Spring in southern and eastern Australia is a bit like an annual game of weather tug-of-war, with summer and winter pulling at each end of the rope. While Melbourne has been lashed by stormy weather this week, other parts of the country have had their first taste of summer heat.
Last week, much of New South Wales, and this week, large areas of southern Queensland, have been experiencing record or near-record hot conditions, and preliminary data suggests that October 25 was Australia’s warmest October day on record.
Spring can be unpredictable, in Australia as in many other parts of the world. From Perth, down to Hobart and up to Sydney, the warm weather teases, but typically, it doesn’t last for long – maybe a week or two if we’re lucky, before we realise it’s still too cold for evening backyard cricket.
Then the winds pick up, a change blasts through, and winter seemingly returns – sometimes in spectacular fashion, as Melburnians will this week attest.
For the atmosphere, spring is a time of tumultuous change. As we move from winter to spring, the Sun travels from being directly overhead in the Northern Hemisphere, across the Equator and south towards the Tropic of Capricorn (which passes close to Rockhampton, Queensland). As it does, it provides an increasing amount of energy as the sunlight strikes the Earth’s surface with more intensity.
This extra energy causes the atmosphere and the land to heat up and weather patterns to migrate. The cold fronts and low-pressure systems that dominate southern Australia during winter are pushed south and are slowly replaced by semi-permanent areas of high pressure. This high pressure is part of a climatic feature known the sub-tropical ridge, which helps to generate the fine, sunny weather that is predominant during a southern Australian summer.
But these changes do not necessarily happen as a smooth transition, and on many occasions during spring, the weather systems most common in winter like to remind the southern states that cold, wet conditions haven’t yet been banished for the year. This can make spring weather in southern and eastern Australia typically variable, and sometimes extreme.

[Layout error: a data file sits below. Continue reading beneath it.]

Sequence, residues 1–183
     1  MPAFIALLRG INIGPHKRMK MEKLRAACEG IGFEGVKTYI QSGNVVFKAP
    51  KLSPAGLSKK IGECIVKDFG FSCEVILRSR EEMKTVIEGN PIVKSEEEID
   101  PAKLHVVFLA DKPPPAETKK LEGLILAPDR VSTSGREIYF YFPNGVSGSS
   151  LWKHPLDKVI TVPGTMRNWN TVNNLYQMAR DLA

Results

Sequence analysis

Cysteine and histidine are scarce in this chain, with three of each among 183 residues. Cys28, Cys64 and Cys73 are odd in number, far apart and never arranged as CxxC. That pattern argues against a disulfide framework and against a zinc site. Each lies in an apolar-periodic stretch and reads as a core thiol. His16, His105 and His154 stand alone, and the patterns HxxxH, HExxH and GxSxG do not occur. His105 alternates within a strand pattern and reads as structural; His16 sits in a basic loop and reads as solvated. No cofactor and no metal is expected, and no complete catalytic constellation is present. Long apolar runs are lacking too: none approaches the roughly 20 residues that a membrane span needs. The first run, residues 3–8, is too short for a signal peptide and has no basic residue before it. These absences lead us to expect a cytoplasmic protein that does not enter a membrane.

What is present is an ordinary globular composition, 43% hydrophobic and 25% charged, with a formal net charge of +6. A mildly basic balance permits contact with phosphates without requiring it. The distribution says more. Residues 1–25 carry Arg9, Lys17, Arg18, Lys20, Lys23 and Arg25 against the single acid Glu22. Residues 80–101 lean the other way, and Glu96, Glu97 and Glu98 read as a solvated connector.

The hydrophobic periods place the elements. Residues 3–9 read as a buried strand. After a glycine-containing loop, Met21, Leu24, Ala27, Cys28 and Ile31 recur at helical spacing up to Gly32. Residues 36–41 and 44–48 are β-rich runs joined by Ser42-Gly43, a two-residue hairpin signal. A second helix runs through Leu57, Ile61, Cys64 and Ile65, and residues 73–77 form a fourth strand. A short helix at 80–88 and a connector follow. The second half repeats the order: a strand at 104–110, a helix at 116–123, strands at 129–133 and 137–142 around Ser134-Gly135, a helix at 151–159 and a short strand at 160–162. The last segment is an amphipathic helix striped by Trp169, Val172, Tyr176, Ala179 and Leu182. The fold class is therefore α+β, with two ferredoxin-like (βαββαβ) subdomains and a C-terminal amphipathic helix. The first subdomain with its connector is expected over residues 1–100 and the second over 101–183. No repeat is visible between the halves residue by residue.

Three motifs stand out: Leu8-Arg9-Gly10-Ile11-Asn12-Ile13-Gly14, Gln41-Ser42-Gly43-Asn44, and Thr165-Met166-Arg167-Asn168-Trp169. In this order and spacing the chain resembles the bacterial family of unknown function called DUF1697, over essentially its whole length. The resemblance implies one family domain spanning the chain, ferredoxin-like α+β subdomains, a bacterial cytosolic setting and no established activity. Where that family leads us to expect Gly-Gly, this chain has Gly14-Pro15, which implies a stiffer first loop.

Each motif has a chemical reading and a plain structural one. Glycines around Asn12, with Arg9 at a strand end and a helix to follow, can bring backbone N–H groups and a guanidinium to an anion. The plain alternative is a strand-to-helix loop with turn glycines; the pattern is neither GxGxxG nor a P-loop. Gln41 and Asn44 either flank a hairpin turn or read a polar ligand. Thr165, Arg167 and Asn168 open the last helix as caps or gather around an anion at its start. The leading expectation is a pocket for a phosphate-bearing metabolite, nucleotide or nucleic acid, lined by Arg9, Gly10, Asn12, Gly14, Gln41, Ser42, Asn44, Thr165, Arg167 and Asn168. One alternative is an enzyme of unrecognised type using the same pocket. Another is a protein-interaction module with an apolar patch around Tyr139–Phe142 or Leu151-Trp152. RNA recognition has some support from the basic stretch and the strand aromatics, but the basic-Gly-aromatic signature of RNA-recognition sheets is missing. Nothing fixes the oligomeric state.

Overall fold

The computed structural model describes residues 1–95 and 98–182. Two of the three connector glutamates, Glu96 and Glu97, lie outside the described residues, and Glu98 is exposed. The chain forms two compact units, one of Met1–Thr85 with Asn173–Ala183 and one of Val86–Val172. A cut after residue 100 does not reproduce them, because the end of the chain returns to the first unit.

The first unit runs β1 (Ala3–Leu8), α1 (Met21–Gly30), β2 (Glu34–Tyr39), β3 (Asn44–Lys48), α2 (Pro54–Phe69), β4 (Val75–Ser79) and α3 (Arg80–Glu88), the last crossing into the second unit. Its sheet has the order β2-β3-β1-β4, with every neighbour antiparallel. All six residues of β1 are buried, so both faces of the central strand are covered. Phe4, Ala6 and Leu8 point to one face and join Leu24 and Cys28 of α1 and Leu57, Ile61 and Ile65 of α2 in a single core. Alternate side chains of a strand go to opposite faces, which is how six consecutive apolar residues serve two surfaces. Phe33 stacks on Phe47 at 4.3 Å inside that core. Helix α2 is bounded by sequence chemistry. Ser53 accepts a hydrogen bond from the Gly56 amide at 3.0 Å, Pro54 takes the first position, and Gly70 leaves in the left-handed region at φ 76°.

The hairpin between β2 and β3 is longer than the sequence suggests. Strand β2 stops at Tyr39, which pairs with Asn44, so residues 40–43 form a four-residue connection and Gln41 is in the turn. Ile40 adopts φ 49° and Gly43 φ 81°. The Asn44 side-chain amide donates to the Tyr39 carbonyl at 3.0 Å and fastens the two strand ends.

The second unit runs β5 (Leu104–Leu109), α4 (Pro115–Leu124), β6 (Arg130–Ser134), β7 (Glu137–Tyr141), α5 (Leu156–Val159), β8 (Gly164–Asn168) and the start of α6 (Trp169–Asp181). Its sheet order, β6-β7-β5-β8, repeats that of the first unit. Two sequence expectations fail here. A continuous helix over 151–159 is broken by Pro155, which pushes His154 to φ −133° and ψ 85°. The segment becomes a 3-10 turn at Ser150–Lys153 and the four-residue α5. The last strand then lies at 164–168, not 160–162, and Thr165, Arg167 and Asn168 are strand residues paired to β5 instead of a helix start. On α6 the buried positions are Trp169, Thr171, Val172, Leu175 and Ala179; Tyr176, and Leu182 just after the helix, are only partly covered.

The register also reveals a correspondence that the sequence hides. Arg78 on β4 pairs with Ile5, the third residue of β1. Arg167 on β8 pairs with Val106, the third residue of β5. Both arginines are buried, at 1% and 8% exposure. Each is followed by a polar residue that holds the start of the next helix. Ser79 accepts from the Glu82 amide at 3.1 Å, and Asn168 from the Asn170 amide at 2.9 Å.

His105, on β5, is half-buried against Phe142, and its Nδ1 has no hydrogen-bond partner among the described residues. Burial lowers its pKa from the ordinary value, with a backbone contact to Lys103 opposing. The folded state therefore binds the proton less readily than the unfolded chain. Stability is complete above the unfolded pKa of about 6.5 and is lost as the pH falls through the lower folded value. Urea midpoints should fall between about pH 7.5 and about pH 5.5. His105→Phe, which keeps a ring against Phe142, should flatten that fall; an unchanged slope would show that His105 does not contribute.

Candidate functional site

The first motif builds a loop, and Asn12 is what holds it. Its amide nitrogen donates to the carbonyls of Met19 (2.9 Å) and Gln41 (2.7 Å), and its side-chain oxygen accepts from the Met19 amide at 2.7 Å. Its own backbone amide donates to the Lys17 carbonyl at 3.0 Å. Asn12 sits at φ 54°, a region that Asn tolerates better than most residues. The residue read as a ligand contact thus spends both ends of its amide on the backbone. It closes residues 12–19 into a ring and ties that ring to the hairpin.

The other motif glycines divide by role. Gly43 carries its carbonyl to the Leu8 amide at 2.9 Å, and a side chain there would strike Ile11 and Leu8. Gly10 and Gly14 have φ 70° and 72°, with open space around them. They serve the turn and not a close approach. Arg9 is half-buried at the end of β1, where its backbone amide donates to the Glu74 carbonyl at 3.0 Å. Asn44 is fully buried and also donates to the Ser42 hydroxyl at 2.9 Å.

Under some circumstances, the re-emergence of winter weather systems can combine with extra atmospheric ingredients, like additional heat or moisture, that are ultimately the result of the extra energy provided by the Sun’s southward journey.
If these ingredients are just right, the combination will go off with a bang, resulting in storms like those experienced across southeastern Australia over the past few weeks. Lightning storms, wild winds, heavy rain, large hail and the occasional tornado can be the result. Through eastern and southern Australia, thunderstorms are most typical from mid-spring to mid-summer.
During spring, extreme weather is not just limited to the occurrence of more thunderstorms in southern and eastern Australia. Very windy cool changes and wet cyclonic storms can also pass through the southern states. Meanwhile, further north, places like Sydney and Brisbane start to feel summer-like heat, including the occasional heatwave (which you can track using this website).
Although the recent stormy weather has seemed, at times, wild and unseasonal, it is largely to be expected in southern and eastern Australia at this time of year.
Even a few isolated days of heat during a single spring is quite typical. However, although the occasional bout of heat is not unusual, there have been noticeable and consistent changes in the behaviour of hot temperatures, and heatwaves, during spring in more recent years.
Year-round, including during spring, Australian heatwaves have become more frequent, more intense and are lasting for longer. In the first decade of the 21st century, record high temperatures across the country were being broken more than twice as often as low-temperature records, mirroring the increasing trend in Australian average temperatures.
The spring of 2013 was Australia’s hottest on record. Records for high temperatures tumbled, and the hot and dry conditions encouraged an early start to the bushfire season in parts of eastern Australia. These hot spring temperatures also contributed to 2013 being Australia’s warmest year on record.
Five separate studies published last month in the Bulletin of the American Meteorological Society found that the record heat of recent years should not be considered normal. In fact, far from being typical, all studies found evidence of the “handprint” of human-induced climate change on the unusual conditions of 2013.
Notably, this research found that the likelihood of experiencing the record hot spring of 2013 in Australia was 30 times greater with the influence of human-induced climate change than without. The record hot year of 2013 was 2,000 times more likely as a result of climate change.
Spring is normally a season of variable weather. So when considered in isolation, the recent heatwaves are not necessarily atypical for this time of year. Yet they add to the ever-increasing number of heatwaves that the evidence tells us are now occurring more often, often producing record-breaking temperatures. And that is certainly not normal.